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14 January 1994 —
13 February 1994

Nigel Brown:
Living Here Aotearoa

Nigel Brown: Living Here Aotearoa, 1994 (installation view).
Nigel Brown: Living Here Aotearoa, 1994 (installation view).
Nigel Brown: Living Here Aotearoa, 1994 (installation view).
Nigel Brown: Living Here Aotearoa, 1994 (installation view).
Nigel Brown: Living Here Aotearoa, 1994 (installation view).
Nigel Brown: Living Here Aotearoa, 1994 (installation view).
Nigel Brown, Bedroom Painting No. 14, 1976. Oil on board. 1180mm x 740mm.
Nigel Brown, Clairmont Painting, 1985. Oil on board. 1050mm x 1180mm.
Nigel Brown, Days in Suburbia, 1978. Acrylic on hardboard. 1790mm x 1185mm.
Nigel Brown, Driveway Painting 4: Poets Breakfast, 1974. Oil on board. 570mm x 420mm.
Nigel Brown, Driveway Painting with Poet Four Times, 1974. Oil on board. 590mm x 295mm.
Nigel Brown, Each Lost in a Separate Self, 1978. Oil on board. 825mm x 1180mm.
Nigel Brown, Gains and Losses, 1979. Acrylic on canvas. 790mm x 615mm.
Nigel Brown, Go Weep for the Land, 1977. Oil on board. 825mm x 1180mm.
Nigel Brown, Lemon Tree Painting No. 14, 1977. Oil on board. 1190mm x 755mm.
Nigel Brown, Marae in the City, 1988. Lino print on paper. 650mm x 710mm.
Nigel Brown, Reading With Family, 1982. Woodcut print on paper. 765mm x 420mm.
Nigel Brown, Remember
Nigel Brown, Speaking to the Axemen, 1981. Oil on board. 590mm x 510mm.
Nigel Brown, Table Series IV, 1975. Oil on board. 1185mm x 800mm.
Nigel Brown, The Family of the Axeman, 1977. Oil on board. 940mm x 565mm.
Nigel Brown, The Ideal Place: 40 Karaka Street, 1986-7. Acrylic on board. 1900mm x 1200mm.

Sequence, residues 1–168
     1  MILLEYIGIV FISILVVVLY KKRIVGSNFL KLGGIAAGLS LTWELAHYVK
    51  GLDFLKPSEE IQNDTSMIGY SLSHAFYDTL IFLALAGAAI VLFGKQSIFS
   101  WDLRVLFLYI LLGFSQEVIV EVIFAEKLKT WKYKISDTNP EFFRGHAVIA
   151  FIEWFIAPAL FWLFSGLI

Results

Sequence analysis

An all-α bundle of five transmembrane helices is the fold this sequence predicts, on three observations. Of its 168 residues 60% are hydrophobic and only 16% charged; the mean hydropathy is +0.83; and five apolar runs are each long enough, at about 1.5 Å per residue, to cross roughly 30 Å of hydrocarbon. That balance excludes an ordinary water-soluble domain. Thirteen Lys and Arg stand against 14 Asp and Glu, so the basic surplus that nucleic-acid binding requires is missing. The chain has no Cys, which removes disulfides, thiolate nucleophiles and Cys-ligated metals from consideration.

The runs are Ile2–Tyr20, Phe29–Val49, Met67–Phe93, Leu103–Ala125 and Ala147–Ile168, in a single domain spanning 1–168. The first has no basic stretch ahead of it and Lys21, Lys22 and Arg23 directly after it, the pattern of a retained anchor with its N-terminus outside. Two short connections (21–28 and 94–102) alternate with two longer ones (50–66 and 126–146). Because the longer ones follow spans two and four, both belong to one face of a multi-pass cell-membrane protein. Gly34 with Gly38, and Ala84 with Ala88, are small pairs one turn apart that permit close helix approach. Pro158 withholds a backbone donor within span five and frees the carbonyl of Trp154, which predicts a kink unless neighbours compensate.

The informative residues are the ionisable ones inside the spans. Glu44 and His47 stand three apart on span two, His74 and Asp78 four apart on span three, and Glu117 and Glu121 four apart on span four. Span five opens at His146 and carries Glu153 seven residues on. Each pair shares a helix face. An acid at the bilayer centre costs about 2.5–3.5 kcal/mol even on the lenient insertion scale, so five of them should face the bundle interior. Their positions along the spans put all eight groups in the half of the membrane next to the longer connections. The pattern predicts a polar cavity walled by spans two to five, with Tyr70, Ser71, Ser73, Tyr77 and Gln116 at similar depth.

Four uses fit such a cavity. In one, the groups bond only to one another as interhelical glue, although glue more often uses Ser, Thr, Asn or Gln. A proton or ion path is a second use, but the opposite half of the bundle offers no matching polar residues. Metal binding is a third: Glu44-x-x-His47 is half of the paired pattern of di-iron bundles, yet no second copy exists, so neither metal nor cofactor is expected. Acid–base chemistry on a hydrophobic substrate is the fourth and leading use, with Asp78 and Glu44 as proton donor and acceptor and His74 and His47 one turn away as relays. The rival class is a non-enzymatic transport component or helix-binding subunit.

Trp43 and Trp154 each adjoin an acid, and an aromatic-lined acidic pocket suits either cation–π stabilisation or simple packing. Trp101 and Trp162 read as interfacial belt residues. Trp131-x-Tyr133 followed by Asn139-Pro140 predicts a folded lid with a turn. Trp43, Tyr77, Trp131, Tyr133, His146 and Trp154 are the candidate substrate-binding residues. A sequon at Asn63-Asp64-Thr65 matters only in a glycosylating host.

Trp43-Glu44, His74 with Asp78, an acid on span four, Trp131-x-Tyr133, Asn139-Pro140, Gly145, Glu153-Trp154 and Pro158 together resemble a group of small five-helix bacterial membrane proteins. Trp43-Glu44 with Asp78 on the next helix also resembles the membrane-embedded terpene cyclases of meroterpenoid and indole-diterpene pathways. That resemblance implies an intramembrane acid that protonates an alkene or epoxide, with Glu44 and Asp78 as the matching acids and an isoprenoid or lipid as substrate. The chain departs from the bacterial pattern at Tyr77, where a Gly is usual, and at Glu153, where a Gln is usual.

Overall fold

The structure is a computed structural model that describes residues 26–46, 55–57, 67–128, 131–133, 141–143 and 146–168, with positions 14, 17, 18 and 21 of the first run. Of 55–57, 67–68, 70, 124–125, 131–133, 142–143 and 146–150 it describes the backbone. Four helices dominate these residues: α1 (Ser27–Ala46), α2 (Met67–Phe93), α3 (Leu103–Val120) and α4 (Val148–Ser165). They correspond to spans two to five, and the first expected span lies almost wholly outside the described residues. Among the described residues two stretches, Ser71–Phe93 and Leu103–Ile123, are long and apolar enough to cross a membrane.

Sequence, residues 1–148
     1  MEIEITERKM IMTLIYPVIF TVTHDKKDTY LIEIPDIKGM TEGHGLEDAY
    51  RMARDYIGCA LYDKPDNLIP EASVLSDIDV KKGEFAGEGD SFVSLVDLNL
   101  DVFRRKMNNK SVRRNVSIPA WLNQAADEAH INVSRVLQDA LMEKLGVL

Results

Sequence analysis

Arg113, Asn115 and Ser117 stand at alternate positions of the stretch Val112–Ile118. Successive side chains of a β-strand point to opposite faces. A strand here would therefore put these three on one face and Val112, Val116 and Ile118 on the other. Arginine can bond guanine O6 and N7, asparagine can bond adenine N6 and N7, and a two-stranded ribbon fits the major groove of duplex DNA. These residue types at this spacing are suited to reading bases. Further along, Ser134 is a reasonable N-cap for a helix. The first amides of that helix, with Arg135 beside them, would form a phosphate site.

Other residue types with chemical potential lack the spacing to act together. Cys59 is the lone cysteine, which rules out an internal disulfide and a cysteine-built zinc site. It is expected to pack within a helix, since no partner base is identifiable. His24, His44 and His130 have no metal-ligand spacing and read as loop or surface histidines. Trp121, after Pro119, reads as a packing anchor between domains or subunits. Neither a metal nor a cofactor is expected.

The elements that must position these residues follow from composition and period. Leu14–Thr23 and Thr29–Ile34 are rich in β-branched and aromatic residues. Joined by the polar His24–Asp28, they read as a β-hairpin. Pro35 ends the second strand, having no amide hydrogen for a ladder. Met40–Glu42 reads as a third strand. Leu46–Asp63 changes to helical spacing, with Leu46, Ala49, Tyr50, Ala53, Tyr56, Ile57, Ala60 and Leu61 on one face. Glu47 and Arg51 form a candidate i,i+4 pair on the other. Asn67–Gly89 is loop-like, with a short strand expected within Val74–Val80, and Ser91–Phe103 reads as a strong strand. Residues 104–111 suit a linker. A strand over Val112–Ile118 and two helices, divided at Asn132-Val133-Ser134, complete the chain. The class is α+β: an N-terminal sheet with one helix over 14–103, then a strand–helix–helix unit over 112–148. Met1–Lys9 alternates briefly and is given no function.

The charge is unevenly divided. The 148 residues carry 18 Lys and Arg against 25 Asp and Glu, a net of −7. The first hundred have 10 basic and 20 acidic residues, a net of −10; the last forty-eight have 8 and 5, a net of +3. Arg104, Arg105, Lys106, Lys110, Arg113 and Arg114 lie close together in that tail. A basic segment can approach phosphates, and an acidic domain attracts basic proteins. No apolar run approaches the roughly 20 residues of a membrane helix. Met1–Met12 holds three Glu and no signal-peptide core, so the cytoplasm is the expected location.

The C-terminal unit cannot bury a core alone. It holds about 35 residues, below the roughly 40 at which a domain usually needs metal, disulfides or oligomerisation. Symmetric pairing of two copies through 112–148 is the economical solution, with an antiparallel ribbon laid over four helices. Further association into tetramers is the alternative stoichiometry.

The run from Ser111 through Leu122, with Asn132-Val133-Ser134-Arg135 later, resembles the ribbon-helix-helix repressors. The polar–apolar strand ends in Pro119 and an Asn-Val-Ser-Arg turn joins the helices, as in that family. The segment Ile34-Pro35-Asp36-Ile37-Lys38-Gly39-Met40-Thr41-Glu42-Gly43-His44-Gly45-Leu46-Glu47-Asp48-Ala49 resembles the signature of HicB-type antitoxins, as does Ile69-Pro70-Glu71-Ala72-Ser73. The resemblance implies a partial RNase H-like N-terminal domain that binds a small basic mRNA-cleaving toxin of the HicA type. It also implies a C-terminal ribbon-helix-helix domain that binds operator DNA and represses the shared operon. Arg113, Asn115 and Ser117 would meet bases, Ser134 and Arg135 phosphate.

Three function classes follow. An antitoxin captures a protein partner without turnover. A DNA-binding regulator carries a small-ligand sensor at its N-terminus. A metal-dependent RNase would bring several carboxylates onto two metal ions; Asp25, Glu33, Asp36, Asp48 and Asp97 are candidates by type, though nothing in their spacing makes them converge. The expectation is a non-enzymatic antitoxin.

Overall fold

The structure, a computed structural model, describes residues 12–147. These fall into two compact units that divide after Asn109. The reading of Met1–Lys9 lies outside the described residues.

Nigel Brown, Yeah Catastrophe, 1984. Oil on board. 1180mm x 1540mm.
Nigel Brown, You Go, I


An exhibition which surveys works produced over the last twenty years by Auckland artist, Nigel Brown opens the Fisher Gallery’s exhibition programme for 1994. The exhibition contains over forty works, mostly oils and works on paper including woodcut prints.

Manawatu Art Gallery Curator, Tony Martin states, ‘In curating the exhibition the intention has not been to provide a retrospective and definitive show of Brown's work.’

‘Instead, the aim has been to select works according to some broad theme which have occurred in the artist’s work over this time. These themes are the Visual Word, Humanity, Man/Woman, Identity, Politics of Living and Quality of Life.’

'The exhibition contains works that deal with perennial matters such as the despoliation of the land, suburban neurosis, aroha or love, as well as the more eruptive social conflict surrounding issues ...’

'Thus the exhibition endeavours to present Nigel Brown as a New Zealand artist whose importance is manifest in the context of his artwork and the extent to which he is able to present a particular vision within the context of wider ongoing soc1ial concerns.’

Nigel Brown was born in Invercargill in 1949. He attended Elam School of Fine Arts in Auckland from 1968 until 1971. He was taught by Colin McCahon, whose major influence, Nigel says, was inspiring him to develop symbols relating to his own life and experience. James K Baxter’s poetry has had a continual effect through Brown’s life.

Since his first dealer gallery exhibition in 1972, Brown has exhibited work regularly in group and solo exhibitions throughout New Zealand and overseas. In 1978 he was a finalist for the Benson and Hedges Art Award. Brown lives in Auckland. He returned to painting full-time in 1992 and established a print workshop with his partner Sue McLaughlin, in the studio at their home.


→ Nigel Brown: Living Here Aotearoa, 1994, exhibition card

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